Single mother Suzanne Brock is a dog lover and a pioneer with vision who spotted a niche in the market just waiting to be filled. That niche became Nutriment, a pet food business proud of its uncompromising stance to produce the finest quality pet food made wholly from human-grade meat, veg and a generous dash of metabolism-friendly superfoods. Suzanne took a huge risk in establishing this business and encountered problems and

Continued on Page 18

Photos by Kenga Photography 16 Women in Trade

re-establishing a natural diet for our pets.


I have been blessed with a wonderful family and great friends. I have the most fantastic, loyal staff and I am also proud of my relationship with both my customers and my suppliers.

Advertisement | Nutriment

Nutriment opened for business in June 2013. The avant-garde pet food provider began life with 10,000 square feet of factory space, one wellgrounded founder, ten highspirited staff and a disturbing mound of personal debt. Two years on and this ambitious, award-winning business stands tall as a leading light within the independent pet food manufacturing fraternity.

When she first started Nutriment she thought banks were championing small

inspiration. For a long time she was a full-time mum. “The children and I did everything together and I was always there for them. Following my divorce I had to get a job which meant that very suddenly they had to become self-reliant in a very short space of time which wasn't easy for anybody. When the business started they had a mother who was stressed, worried and even frightened a lot of the time. In a small house it's never easy hiding one's feelings from two very bright children.” Her children have

I was often overwhelmed by the countless kind letters we received from Nutriment converts telling us about the significant difference we'd made to their pet's day-to-day lives.

They produce over 160 tonnes of top-notch RAW products a month, to meet the insatiable and relentless needs of loyal customers and a growing network of forward-thinking retailers. A BARF diet is a bold, uncompromising stance taken by some dog breeders, owners and vets who recognise that nature has an uncanny tendency to know best. Dogs were hunting and scavenging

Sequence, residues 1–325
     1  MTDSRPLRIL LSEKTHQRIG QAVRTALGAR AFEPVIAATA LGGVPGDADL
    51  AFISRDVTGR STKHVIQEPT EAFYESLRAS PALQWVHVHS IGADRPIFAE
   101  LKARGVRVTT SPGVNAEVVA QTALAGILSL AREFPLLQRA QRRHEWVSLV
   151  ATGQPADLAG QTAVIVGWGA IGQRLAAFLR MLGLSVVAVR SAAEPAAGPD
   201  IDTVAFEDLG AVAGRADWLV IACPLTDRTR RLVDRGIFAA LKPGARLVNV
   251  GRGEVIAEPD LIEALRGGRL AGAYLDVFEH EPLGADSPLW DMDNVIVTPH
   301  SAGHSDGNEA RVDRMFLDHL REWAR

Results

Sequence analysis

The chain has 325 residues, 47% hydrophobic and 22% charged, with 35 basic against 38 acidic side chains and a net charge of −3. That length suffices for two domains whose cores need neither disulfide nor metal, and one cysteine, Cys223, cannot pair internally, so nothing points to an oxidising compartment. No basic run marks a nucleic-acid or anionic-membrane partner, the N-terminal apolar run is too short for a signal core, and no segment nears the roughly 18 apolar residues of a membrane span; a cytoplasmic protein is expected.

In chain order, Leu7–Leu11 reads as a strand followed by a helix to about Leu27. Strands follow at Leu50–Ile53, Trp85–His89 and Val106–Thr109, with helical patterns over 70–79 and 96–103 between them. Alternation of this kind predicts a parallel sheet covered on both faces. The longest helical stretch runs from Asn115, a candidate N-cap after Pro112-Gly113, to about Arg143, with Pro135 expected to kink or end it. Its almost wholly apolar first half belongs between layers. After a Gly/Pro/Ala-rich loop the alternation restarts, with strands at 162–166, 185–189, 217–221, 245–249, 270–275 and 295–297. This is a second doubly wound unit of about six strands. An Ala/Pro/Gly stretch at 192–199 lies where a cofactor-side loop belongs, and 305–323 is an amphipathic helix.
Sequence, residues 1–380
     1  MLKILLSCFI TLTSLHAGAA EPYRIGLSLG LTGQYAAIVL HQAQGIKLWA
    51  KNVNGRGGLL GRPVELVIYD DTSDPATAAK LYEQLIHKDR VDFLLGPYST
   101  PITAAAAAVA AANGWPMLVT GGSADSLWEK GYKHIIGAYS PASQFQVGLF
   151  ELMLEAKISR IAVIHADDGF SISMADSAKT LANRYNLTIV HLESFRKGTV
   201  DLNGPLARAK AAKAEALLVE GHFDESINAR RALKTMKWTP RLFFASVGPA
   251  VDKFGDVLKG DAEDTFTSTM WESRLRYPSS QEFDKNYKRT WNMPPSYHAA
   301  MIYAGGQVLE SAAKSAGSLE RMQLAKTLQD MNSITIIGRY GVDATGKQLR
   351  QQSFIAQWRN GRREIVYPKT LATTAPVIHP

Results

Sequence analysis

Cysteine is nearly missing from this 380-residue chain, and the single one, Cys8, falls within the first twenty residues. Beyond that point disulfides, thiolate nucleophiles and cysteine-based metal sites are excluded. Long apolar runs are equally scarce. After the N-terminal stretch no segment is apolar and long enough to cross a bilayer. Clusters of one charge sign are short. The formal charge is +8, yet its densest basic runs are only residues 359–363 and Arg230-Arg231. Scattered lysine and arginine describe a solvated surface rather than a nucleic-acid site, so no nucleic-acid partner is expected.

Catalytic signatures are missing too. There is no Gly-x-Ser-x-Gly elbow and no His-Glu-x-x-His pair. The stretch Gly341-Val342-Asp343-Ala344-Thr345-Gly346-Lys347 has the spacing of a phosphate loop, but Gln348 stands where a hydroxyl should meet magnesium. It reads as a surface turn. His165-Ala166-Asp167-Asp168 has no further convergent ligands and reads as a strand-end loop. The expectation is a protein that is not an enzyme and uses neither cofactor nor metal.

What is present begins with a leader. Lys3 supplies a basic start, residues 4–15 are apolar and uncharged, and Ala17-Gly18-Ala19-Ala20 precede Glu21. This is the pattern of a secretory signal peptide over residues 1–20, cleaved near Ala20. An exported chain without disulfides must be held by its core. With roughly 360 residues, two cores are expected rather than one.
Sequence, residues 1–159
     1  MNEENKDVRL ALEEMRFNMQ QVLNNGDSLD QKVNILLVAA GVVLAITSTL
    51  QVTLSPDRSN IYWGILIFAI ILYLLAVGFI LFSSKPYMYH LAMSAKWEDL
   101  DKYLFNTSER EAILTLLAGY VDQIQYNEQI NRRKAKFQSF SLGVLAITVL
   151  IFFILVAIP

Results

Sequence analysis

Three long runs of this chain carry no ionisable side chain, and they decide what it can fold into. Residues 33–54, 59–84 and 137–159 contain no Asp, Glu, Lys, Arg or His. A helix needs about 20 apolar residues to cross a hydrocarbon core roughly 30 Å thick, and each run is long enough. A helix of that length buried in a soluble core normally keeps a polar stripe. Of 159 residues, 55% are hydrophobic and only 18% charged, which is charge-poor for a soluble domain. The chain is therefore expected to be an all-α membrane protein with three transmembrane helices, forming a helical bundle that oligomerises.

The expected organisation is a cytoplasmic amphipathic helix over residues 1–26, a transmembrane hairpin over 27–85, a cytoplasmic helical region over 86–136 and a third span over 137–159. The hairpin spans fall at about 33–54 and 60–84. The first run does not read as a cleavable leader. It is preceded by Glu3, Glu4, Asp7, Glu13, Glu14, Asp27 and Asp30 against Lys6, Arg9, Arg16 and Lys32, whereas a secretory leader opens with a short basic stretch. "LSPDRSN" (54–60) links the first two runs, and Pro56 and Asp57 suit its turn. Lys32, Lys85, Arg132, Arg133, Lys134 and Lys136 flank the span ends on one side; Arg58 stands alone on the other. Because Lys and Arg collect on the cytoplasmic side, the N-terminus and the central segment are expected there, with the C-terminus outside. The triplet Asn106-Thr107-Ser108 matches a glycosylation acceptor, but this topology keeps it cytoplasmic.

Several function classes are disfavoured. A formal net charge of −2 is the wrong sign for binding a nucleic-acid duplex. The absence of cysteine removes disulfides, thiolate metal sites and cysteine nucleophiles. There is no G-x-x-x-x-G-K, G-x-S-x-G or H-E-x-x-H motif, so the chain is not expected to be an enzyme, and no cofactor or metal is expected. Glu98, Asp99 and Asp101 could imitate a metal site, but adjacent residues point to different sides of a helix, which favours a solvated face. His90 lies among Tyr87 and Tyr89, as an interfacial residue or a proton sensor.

18 Women in Trade

long before words like pellets, tins and kibble had made it into the Oxford Dictionary. When thinking about the business, Suzanne felt that other RAW specialists offered a basic meat, bone and veg diet. Nutriment actively champions the importance of metabolismfriendly superfoods (coconut & salmon oil, kelp, kale, flax seeds, spirulina, bilberry powder & chicory roots) to create a range of balanced feasts.

businesses, however, after submitting a loan application, her bank rejected it. She was a few ‘squeaky seat’ days from signing the lease on their premises and had already recruited a skeleton crew and ordered machinery. She had no choice but to manage with the funds they’d raised and risk taking out a further mortgage on her house. It is her children who provide Suzanne with the most

worries along the way but with the support of her family and friends she persevered and the business is going from strength to strength.

been so strong, resilient and supportive the whole time. Suzanne and her team have nurtured Nutriment into what it is today – a thriving, successful business which has received glowing endorsements from industryrespected figures such as urban dog trainer and behaviourist, Louise Glazebrook. Nutriment.Co


reasons to have the right energy as an entrepreneur. When you love what you do, that same energy flows into every word you write, every pattern you cut and